Now I am reworking all my recipes, and watching my portion size.  I’m still in Step 2.

But already I feel (and see) the benefits of these changes. I feel better, I have lost weight, I have more energy–many of my aches and pains have gone away.

And I did this myself!  I am healing myself by learning and changing for the better.  It did not happen overnight, but it did happen–I did it and so can you!

What challenges do you have in making the dietary changes you need to change the symptoms that ail you?  Drop me a comment or send me an email at emptynestsavvy@gmail.com.

We only have one life–Have fun!  

Cleaning Up and Cleaning Out

Cleaning Up and Cleaning Out

One of my favorite things about summer vacation from teaching is that I can catch up on many of my other passions:  organizing, reading, planning and writing.

Keeping my house is one of my greatest joys.  I get very excited about my “Spring Cleaning” and I often get carried away.

For example, I decided to take a break and write–as I am doing now about what I am taking a break from–cleaning out the closet.

I pride myself on all the decluttering I have already done and yet–how did this closet get away?  I have taken out so much from this closet that I am surprised how much actually fits in there!

I will be organizing and reorganizing some things this summer, I will be meal prepping and keeping my healthy meals schedule and reading and writing and planning for the next school year.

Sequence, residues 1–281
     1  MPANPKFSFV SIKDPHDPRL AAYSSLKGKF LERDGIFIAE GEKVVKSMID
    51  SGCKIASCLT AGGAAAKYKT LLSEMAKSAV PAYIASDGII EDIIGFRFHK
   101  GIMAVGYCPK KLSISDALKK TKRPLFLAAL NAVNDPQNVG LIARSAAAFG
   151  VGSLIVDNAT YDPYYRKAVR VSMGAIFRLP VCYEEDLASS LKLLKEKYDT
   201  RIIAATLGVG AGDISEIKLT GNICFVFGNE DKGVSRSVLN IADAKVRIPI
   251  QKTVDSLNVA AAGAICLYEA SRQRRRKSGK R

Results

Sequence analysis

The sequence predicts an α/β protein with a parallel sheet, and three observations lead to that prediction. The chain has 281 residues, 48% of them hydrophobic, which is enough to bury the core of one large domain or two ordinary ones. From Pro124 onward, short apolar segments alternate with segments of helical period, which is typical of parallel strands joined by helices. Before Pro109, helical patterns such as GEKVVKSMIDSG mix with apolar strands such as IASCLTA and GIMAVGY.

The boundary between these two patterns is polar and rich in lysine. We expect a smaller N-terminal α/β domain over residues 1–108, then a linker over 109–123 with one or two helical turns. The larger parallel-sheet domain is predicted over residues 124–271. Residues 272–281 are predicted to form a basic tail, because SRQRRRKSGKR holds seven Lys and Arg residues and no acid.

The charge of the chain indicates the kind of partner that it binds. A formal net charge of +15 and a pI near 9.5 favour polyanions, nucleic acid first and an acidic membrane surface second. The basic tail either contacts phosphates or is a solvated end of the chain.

As much as I say I will not do all these things and just enjoy the time off and relax–I don’t think I physically can. I never have.

It confuses me when other people talk about not liking organizing their closets, their homes, their meals etc.  I wonder: “How do these people survive in the world?”

So I am cleaning up and cleaning out–yet again–not because my house, or my planner or my routines need it–but because I love to do it.

I love a clean kitchen, an always made bed, an organized pantry.  I enjoy my meal plan calendar and my recipes with my grocery lists all built in.

I love that there is no dust under my furniture–because I move the furniture to clean–and some of my friends think I have gone around the bend.

After a long day at work–during the school year for me, but all year for my husband–it is so nice to come home to a clean organized space.

I like knowing ahead of time what we will be eating and that I have all the ingredients available and that the laundry is done and put away where I can always find it.

There is one drawback to my little obsession.  I often bite off more than I can chew–like I have today–taking everything out of that closet.

Some of these things just need to be reorganized in the bins I have for them, but other things need to be addressed–like all the boxes of picture albums that I am in the process of scanning, to be cataloged, to be saved (electronically) forever.

That is a little project I began a few years ago that I will continue until it is done.  I am trying to capture all those memories before the pictures are irrevocably lost to fading and yellowing.

So, when my little break is over, I will clean up everything and reorganize my things back into the closet except for those boxes of pictures–which I will continue to scan and clean out.